Drayton continues to put Ashoka’s network of social entrepreneurs “at the heart” of its community and considers them essential to both its past and its future. Fellows played a critical role in establishing Ashoka’s initial framework, as well as the concept of social entrepreneurship itself. “Once that idea is in people’s heads all across the world,” Drayton said, people “know that they have the option of caring and organizing. Moreover, as their number increases, the pattern of what social entrepreneurship is becomes ever clearer.”

Ashoka Fellows get a tailored stipend for up to three years, as needed, to allow them to dedicate themselves to advancing their ideas full time. They also receive customized engagement opportunities aimed at lifting visibility and accelerating impact. Becoming a social entrepreneur puts them in the path of funding sources like private funders, corporations and family foundations. Ashoka’s nonrestricted funding is also “critical” to supporting fellows, as well as funding for specific initiatives that align with their projects in issue areas like planet and climate, tech, humanity and gender.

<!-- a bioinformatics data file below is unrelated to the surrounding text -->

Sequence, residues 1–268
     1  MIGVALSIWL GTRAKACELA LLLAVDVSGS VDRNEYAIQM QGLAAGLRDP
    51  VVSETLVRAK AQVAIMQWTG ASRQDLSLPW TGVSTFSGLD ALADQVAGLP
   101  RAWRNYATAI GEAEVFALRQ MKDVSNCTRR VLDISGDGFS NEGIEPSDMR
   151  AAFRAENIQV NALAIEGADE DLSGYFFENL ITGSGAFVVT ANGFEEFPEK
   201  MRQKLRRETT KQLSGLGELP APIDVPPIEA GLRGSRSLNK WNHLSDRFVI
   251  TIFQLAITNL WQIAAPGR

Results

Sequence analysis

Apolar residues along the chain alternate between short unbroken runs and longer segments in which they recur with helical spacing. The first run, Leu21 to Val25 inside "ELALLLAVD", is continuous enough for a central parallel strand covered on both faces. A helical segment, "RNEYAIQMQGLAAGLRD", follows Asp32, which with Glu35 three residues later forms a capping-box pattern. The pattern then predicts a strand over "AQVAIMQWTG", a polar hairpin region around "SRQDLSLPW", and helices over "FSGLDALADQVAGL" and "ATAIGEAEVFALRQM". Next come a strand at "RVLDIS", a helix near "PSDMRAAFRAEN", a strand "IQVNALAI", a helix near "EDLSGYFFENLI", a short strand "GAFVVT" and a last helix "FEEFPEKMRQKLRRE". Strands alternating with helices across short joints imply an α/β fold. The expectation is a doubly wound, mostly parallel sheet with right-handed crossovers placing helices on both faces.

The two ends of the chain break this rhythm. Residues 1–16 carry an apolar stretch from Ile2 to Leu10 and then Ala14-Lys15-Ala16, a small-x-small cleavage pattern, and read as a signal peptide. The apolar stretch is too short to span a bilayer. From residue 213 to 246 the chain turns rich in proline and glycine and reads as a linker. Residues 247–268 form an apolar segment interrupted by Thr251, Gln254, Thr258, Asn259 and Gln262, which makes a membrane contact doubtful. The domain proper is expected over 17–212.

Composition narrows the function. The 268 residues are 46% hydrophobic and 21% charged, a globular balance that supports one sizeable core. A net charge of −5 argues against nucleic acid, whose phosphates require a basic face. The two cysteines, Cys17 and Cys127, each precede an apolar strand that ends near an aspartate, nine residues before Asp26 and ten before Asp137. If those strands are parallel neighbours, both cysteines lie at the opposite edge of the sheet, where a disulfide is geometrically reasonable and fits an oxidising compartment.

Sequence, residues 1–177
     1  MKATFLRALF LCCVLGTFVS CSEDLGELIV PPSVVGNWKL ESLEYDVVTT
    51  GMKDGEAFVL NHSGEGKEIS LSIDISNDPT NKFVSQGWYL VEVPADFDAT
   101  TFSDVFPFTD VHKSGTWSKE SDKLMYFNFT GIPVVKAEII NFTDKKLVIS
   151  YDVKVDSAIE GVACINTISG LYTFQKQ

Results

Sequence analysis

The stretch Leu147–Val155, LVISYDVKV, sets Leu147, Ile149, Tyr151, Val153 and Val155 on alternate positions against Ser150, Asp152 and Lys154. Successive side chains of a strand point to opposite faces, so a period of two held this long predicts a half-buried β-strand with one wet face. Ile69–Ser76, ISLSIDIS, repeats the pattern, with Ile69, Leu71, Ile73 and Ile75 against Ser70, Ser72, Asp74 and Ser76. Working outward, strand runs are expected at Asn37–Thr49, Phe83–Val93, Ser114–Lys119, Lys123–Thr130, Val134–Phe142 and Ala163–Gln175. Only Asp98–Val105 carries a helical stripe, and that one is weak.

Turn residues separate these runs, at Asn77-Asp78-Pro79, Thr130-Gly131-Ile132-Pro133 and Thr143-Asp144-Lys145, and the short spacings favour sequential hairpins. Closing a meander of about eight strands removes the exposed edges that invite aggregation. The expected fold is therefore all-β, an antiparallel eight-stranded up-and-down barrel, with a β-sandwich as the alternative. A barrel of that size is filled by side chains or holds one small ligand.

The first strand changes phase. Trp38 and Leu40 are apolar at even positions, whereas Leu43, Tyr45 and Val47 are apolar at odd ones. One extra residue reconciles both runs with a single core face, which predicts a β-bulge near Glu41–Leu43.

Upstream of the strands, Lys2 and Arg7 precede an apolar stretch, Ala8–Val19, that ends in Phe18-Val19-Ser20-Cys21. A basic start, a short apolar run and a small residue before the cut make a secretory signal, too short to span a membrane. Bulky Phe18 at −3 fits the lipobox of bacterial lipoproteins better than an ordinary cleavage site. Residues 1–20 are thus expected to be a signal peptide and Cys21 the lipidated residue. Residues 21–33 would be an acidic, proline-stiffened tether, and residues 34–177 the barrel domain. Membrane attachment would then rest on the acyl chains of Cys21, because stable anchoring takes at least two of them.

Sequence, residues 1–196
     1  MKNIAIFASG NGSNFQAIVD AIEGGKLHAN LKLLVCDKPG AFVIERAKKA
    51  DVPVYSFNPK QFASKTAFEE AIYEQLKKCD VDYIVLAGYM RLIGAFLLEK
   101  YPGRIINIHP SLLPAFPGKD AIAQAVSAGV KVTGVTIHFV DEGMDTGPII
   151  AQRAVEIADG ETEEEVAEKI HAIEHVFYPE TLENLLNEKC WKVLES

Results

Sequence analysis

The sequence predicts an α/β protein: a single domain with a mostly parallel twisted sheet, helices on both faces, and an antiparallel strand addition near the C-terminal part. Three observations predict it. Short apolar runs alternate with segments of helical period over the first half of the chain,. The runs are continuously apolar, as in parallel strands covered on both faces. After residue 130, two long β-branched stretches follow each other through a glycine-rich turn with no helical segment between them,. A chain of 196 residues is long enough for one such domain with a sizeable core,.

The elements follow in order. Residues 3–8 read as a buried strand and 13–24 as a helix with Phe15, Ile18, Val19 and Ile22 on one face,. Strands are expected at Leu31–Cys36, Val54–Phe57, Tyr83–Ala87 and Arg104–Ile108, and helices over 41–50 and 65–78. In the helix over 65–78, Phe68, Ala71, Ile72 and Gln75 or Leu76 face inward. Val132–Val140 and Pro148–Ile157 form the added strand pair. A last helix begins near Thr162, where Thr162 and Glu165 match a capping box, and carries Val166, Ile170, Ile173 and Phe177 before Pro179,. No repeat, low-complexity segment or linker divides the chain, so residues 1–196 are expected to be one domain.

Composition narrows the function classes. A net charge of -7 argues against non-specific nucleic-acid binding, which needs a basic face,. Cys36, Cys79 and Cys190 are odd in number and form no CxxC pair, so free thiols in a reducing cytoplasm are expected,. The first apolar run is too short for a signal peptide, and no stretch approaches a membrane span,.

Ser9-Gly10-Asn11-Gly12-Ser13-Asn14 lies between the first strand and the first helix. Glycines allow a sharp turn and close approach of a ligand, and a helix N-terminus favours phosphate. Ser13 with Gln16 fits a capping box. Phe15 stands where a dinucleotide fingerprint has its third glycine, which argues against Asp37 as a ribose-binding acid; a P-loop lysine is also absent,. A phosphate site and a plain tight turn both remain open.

Drayton shared how Ashoka encourages its community to function as “one big organism” in ways that are “deeply both intentional and organic.” Basic guidelines for network-building start with establishing a “strong ethical fiber” that allows members to feel safe with one another — something Drayton considers a “knockout factor” for everyone coming into Ashoka.

Next is creating a home for community members that emphasizes shared traits like an aptitude for “learning, sharing and “co-venturing.” Core membership requirements include a “very high level of entrepreneurial quality and social and emotional intelligence,” along with qualities like creativity and the ability to focus upon the “how-to dimension of life.”